About another 35% is a trusted core of single stocks, both Canada and US. These positions are generally overweight at about 3% of portfolio. Core positions have a few properties in my portfolio: low turn-over, very long term, low debt, often dividend growers with low payouts, good valuations, good growth, low beta. They are safe and feel safe, and I usually build those position over the years. I consider it core after 2 years of reliable service. A stock can gain my trust by presenting profits. Not much mega caps, mostly small to medium caps. Another property of my core: easy to understand businesses. They wash linen, they sell groceries, they make boxes, they produce wine. As I build confidence and understanding, I allow more exotic positions in core. They manage money, they rent retirement houses, they dig for metals, they patent software, etc.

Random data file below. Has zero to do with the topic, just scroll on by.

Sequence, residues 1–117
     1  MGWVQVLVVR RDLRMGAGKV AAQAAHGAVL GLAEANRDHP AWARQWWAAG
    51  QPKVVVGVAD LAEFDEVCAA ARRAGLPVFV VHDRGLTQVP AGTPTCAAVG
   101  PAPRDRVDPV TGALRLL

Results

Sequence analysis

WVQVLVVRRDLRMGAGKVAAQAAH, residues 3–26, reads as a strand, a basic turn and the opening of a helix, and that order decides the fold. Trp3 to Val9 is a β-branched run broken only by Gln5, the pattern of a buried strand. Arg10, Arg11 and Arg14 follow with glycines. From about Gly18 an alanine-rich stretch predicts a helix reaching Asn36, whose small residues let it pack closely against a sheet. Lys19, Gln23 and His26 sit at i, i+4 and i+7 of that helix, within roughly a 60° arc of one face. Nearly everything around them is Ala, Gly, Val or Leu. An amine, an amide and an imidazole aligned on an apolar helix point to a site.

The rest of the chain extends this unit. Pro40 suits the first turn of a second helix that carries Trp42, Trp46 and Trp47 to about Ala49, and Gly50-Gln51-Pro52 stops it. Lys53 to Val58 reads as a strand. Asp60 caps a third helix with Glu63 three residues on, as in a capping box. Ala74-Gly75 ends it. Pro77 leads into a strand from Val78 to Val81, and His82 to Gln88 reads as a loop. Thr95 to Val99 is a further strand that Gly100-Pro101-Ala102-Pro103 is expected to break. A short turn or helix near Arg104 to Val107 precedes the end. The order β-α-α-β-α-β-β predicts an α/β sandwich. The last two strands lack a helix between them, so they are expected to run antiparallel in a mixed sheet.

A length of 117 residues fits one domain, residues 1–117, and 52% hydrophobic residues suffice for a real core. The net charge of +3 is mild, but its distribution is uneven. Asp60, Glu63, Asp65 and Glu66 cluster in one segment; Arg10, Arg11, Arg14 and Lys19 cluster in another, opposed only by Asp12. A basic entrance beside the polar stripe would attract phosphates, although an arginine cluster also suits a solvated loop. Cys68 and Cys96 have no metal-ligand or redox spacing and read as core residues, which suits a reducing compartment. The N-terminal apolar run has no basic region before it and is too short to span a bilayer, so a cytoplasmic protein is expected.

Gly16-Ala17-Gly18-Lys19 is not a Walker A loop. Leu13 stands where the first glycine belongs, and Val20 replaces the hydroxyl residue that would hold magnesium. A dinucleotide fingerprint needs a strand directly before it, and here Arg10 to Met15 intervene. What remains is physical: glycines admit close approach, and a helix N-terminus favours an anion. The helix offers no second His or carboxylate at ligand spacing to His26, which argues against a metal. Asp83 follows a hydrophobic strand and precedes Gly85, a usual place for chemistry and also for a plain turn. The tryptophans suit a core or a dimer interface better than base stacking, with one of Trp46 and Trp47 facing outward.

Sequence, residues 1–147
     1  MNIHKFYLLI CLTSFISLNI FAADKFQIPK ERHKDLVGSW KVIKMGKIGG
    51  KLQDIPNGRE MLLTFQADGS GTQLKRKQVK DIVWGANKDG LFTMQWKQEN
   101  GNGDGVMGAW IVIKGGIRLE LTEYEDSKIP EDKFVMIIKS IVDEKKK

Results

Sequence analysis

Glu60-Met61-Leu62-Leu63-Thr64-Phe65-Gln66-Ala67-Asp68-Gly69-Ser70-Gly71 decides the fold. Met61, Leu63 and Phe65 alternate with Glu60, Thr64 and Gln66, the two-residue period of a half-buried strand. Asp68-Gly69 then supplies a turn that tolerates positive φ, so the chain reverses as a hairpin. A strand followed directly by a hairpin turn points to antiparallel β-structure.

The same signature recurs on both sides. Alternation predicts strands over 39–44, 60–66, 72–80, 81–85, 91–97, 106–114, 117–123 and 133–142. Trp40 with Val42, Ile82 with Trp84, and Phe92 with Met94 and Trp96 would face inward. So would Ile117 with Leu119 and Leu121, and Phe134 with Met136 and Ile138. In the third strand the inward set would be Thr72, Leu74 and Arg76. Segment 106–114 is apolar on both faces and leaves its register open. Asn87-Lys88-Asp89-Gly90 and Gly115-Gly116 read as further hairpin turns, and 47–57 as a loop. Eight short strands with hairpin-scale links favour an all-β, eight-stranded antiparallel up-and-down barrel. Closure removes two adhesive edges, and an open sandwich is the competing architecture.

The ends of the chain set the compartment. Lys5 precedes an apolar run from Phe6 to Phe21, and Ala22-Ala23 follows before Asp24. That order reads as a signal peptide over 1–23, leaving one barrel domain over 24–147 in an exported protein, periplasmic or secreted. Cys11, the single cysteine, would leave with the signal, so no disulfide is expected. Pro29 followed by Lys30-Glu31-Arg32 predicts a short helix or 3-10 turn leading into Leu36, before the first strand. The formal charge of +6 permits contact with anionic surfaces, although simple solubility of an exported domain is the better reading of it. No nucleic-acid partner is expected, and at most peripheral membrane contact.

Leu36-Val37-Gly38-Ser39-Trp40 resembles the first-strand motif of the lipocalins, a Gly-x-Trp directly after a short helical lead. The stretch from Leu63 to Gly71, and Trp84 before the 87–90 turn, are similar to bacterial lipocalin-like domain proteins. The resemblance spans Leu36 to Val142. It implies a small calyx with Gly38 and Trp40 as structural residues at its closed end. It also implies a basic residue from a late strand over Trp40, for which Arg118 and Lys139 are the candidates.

At the other extreme, I keep a few lottery tickets as satellite positions for about 20% of portfolio total, 0.75% to 1.5% of portfolio each position. More risky or difficult to understand business, more volatile and some signs of stink. Could be reversal plays, could be momentum stocks, can display signs of breaking out. Usually, I rely a little more on technicals than fundamentals there. And I trade. I learn. I make mistakes. I churn. Survival of the fittest.
I always look for dips in my core positions, and I wait for clear signals to buy back (volume, a few moving avg). If I have cash, I use it. If I don't I look at core and I trim large gains. If no gains there, I look at satellites for gains. If no gains, I look at satellites for mistakes, stinkers, unreliable bets. With money, I buy dips in core positions or in-the-middle stocks. In middle stocks are first buys aiming core, or rising satellites gaining confidence and improving.
Here's my complete stock portfolio as of mid-March 2016, where each record corresponds to (yes I would like to display as array):
NAME, TICKER, MKT CAP, PE, BETA, % of portfolio
Alimentation Couche-Tard ATD.B 33.71B 21.4 -0.11 5.0%